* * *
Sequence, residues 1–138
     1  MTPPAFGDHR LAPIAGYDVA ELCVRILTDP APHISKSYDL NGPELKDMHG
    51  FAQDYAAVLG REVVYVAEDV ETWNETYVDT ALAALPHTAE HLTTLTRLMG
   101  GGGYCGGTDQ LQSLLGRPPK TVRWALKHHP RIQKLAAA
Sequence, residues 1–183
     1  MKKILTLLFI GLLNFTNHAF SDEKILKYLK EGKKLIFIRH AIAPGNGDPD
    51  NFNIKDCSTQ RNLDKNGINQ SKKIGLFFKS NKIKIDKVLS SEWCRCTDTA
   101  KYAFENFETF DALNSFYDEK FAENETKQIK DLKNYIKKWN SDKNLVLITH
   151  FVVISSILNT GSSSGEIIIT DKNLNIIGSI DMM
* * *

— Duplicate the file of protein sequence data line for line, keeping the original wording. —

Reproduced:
Sequence, residues 1–138
     1  MTPPAFGDHR LAPIAGYDVA ELCVRILTDP APHISKSYDL NGPELKDMHG
    51  FAQDYAAVLG REVVYVAEDV ETWNETYVDT ALAALPHTAE HLTTLTRLMG
   101  GGGYCGGTDQ LQSLLGRPPK TVRWALKHHP RIQKLAAA
Sequence, residues 1–183
     1  MKKILTLLFI GLLNFTNHAF SDEKILKYLK EGKKLIFIRH AIAPGNGDPD
    51  NFNIKDCSTQ RNLDKNGINQ SKKIGLFFKS NKIKIDKVLS SEWCRCTDTA
   101  KYAFENFETF DALNSFYDEK FAENETKQIK DLKNYIKKWN SDKNLVLITH
   151  FVVISSILNT GSSSGEIIIT DKNLNIIGSI DMM